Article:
Throughout her musical career, Polly Jean Harvey has never been one to repeat herself creatively, with each of her albums bearing a distinctive artistic identity. While the jump from the heavy, muscular, tones of 2004’s Uh Huh Her to the delicate and gothic sounds of White Chalk in 2007 may have been the most jarring example of this tendency, it is something that has been evident from the beginning. Having received critical acclaim for her 1992 début album, Dry, Harvey returned in 1993 with Rid of Me; an album that answered Dry’s polished and punchy production with enough dirt and grit to stain any artifice.
Harvey chose recording engineer Steve Albini to produce Rid of Me, and by this time Albini had already earned a reputation – through his work with bands such as the Pixies, Slint, and The Jesus Lizard – for his ability to capture the raw immediacy of an artist’s performance with a direct an uncompromising approach in the studio. And so, over a two-week period in late ’92, at Pachyderm Studios in Minnesota – the same studio where Nirvana would record In Utero, also produced by Albini, a few months later – work on recording Rid of Me was started and completed, with most of the album laid down over a three-day period.
Recorded within a year of each other, Dry and Rid of Me exist almost as two sides of the same coin, albeit a coin pristine on one face and deeply tarnished on the other. From the outset with the extended, almost droning, intro to the titular Rid of Me, it becomes clear that the record is a different beast to Dry, and that’s before the song explodes with the psychotic energy of a woman on-edge; lacking self-confidence yet strongly assertive; pleading and demanding all at once. Ending with Harvey’s wailings of “lick my legs/I’m on fire/lick my legs/of desire” ad nauseam, Rid of Me is truly confronting, and establishes that the album is not one for casual listening.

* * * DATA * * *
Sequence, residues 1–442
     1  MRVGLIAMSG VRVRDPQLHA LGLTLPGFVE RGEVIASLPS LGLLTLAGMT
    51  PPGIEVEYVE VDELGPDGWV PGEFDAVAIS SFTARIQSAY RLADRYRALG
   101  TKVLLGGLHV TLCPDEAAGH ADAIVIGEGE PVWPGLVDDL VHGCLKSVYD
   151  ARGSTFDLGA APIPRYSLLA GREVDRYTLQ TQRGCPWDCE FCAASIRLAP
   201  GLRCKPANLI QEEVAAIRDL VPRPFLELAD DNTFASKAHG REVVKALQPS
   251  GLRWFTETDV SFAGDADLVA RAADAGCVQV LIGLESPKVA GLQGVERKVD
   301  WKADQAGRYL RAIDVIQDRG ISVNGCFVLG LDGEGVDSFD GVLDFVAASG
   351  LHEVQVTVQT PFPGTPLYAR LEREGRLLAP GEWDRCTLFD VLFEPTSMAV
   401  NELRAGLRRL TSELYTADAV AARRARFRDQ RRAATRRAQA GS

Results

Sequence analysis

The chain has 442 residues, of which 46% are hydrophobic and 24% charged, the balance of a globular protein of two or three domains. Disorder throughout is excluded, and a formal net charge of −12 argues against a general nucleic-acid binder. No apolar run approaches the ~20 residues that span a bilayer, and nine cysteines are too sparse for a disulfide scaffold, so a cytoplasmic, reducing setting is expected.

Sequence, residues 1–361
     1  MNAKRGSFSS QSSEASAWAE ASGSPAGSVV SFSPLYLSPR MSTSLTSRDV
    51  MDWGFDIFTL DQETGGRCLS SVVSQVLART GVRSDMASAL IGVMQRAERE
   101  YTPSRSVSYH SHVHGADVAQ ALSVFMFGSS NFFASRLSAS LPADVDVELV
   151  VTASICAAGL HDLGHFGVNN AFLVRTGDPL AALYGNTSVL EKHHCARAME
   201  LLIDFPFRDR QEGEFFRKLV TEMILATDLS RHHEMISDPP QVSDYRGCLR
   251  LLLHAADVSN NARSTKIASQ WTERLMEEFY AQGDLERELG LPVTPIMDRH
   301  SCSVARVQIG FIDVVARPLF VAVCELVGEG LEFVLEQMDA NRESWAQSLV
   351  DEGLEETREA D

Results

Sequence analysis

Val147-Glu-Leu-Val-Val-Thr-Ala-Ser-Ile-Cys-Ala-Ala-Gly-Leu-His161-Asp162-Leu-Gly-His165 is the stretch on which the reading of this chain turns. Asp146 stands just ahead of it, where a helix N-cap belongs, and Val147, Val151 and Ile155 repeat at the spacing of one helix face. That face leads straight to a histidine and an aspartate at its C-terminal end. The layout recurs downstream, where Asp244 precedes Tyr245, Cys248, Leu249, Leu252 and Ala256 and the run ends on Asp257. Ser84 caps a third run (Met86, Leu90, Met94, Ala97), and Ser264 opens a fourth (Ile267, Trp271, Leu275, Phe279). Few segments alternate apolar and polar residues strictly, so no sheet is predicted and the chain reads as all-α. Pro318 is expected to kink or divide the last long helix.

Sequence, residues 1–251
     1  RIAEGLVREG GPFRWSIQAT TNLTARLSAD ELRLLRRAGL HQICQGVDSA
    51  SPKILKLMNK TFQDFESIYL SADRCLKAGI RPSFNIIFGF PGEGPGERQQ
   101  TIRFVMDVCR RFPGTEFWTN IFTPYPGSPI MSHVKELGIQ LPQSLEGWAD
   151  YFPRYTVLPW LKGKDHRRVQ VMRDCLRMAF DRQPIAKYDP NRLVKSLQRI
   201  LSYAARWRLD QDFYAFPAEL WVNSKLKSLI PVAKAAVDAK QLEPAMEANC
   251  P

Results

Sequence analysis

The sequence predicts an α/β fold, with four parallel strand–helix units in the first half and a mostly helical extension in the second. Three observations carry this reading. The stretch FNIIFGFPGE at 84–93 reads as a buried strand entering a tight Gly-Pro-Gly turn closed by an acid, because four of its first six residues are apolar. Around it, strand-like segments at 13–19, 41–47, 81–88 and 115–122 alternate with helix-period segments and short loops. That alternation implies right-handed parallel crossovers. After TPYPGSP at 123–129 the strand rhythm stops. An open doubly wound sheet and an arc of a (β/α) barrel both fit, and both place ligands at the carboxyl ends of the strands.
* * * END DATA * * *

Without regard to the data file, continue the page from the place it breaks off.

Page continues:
Temporarily returning to a more conventional expression of grief and loneliness, the expertly arranged Missed soothes the preceding abrasion while still conveying an emotional earnestness that could have all too easily been lost had the artistry or production been even a little lacking. The song Man-Size exists in two forms on the record, first as a re-imagining of itself as Man-Size Sextet – the only track not recorded by Albini – with its instrumentation transmogrified into a horror movie soundtrack string arrangement, and later as gritty punk-rock. Both versions bring something to the table, but Sextet chills the blood in a way that wouldn’t be possible with the guitar/bass/drums approach of the rest of the album.
Harvey confidently ploughs through Bob Dylan’s Highway 61 Revisted, displaying an astounding feminine bravura at a time when such guttural rock deliveries were still largely the domain of men. Lead single 50ft Queenie continues the swagger of Revisted, blending it with a healthy dose of Rid of Me’s emotional death-spiral, while Me-Jane and Snake provide blasts of punk-blues that invert male-female narrative tropes, before the emotive blues of Ecstasy concludes the record. Many find Albini’s production style abrasive and difficult to listen to, but when coupled with the prowess and focus of an artist of Harvey’s calibre, the results are nothing if not commanding. Despite coming close on several occasions, Harvey has yet to better Rid of Me.